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Nick KentApathy for the Devil: A 1970s Memoir
Nick Kent (Faber & Faber)

Another month, another account of talent undermined by hard drugs. Alongside Charles Shaar Murray and the late Ian McDonald, Nick Kent was a star player during the NME’s mid ‘70s heyday, bringing his reflexive prose style to seminal pieces on Syd Barrett, Brian Wilson and The Rolling Stones. More than any of his fellow writers, however, Kent also hung out with his subjects and shared their spoils – to increasingly disastrous effect. Some of the anecdotes accrued during this period are priceless – Kent’s attempt to explain Steptoe & Son to Iggy Pop; Keith Richards’s perplexed fury at the rise of the ‘Boppin’ Elf’, aka Marc Bolan – but the overall trajectory is a descent into darkness. By the end of the ‘70s, Kent was writing much less and scoring much more, existing in that weird twilight world where normal life is jacked in favour of chasing the next hit of junk. Fortunately, there is a happy coda – Kent cleaned up in 1988 and is now a contented family man living in Paris. Whilst a familiar tale in many aspects, Apathy for the Devil’s vivid character portraits and delicious turns of phrase mean that it deserves a place on your bookshelf alongside Kent’s superlative selected journalism, The Dark Stuff.
David Davies

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Japan And Self ExistenceJapan And Self Existence
Mick Karn (MK Music)

Before we begin we should clear something up. Mick Karn is not the world’s greatest bass player, probably not technically even in the top ten (by his own admission he seldom bothers to pick up the instrument when he isn’t working on a music project), what he is however is one of the most recognisable players in the history of rock, no mean feat given the instruments primary use - i.e. to be buried away in the mix somewhere right up the back - and that, along with an unerring ear for monumentally quirky bass lines, is why he is such an important and influential bass player. So why the hell is he struggling to make ends meet when most of his ex-Japan compadres are doing pretty-well-thank-you? It’s certainly not due to poor solo material (pretty much everything he has released is well worth a listen, and some is simply superb). Nope it’s down to a mix of management shenanigans, band power-struggles and his own innate inability to press the right flesh. All of which is outlined herein with a frankness that is occasionally squirm-inducing, and in a style which is hugely readable, entertaining and should be required research for anyone just setting out on a music career.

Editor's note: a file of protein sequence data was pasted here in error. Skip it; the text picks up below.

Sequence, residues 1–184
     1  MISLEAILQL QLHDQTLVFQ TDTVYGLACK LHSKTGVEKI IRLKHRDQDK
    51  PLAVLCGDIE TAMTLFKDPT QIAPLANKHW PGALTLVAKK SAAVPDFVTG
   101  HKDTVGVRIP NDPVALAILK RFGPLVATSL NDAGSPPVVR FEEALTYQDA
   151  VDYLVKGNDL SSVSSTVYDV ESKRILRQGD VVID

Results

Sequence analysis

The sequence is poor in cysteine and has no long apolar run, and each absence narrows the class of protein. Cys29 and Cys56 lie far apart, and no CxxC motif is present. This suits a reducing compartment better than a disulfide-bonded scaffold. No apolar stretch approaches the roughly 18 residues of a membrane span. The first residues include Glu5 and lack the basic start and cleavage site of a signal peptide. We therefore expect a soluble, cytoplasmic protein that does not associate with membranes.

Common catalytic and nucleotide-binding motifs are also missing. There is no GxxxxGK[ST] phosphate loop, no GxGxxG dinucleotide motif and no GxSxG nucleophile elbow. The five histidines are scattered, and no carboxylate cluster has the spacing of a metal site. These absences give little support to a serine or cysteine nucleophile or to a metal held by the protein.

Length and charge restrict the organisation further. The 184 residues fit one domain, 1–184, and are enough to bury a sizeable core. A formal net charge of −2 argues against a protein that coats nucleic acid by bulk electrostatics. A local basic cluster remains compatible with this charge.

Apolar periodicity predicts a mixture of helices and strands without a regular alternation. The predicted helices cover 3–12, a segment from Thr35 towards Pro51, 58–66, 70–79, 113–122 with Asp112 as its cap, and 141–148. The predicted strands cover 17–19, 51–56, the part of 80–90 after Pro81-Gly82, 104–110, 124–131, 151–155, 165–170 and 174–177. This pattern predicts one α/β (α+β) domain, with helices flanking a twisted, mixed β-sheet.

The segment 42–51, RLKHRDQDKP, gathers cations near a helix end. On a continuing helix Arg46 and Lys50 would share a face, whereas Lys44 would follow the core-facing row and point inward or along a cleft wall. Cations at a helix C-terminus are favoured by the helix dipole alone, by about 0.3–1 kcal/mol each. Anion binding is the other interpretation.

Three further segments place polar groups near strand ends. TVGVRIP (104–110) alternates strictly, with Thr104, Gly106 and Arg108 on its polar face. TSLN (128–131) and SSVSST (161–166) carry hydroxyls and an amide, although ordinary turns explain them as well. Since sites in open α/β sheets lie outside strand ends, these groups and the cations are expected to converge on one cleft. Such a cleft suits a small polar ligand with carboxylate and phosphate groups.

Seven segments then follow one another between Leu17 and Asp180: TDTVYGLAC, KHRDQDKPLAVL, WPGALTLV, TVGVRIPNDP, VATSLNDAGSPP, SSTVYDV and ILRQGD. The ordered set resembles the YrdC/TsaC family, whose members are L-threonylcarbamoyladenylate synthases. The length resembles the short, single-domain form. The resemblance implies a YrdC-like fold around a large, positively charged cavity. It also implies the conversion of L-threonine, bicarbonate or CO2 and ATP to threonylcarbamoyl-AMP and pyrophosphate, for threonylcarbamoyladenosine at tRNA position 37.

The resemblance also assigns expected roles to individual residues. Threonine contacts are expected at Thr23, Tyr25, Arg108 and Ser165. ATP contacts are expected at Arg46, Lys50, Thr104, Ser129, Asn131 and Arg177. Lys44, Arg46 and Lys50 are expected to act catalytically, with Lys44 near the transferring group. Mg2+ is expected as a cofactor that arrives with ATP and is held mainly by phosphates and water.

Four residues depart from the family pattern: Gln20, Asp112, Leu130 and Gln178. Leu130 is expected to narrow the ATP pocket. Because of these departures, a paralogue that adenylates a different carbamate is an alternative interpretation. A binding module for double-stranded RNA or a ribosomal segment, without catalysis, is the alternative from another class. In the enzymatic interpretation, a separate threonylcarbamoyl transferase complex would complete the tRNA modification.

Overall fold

The Oracle

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Nick Kent The Dark Stuff
Nick Kent
(Faber & Faber)

First published by Penguin in 1994, The Dark Stuff is a compendium of interviews and profiles drawn from legendary scribe Nick Kent’s work for publications including the NME, The Face, The Guardian and Libération, alongside a number of purpose-written pieces. Reissued by Faber with an extra 100-plus pages of recent articles, it is now an even more indispensable purchase by a writer who long ago gained accession to the (very) small elite club of rock journalists (Shaar Murray, MacDonald, Hoskyns, Marcus – and that’s about it) whose work actually warrants revisiting years after initial publication. Kent, more than any other music journalist with the exception of Lester Bangs, famously attempted to live the rock life, and his excitement at this swirling, ever-expanding demi-monde glows from nearly every page. In some cases revised or actually written years after the event, the pieces on the Stones, Lou Reed, Roky Erickson and Iggy Pop are especially evocative, while the newer material yields masterful studies of Phil Spector and Sly Stone. Long cleaned up and living in Paris, Kent is a writer with a keen eye for atmosphere and context, and The Dark Stuff is the page-turning proof of his undiminished talents.
David Davies

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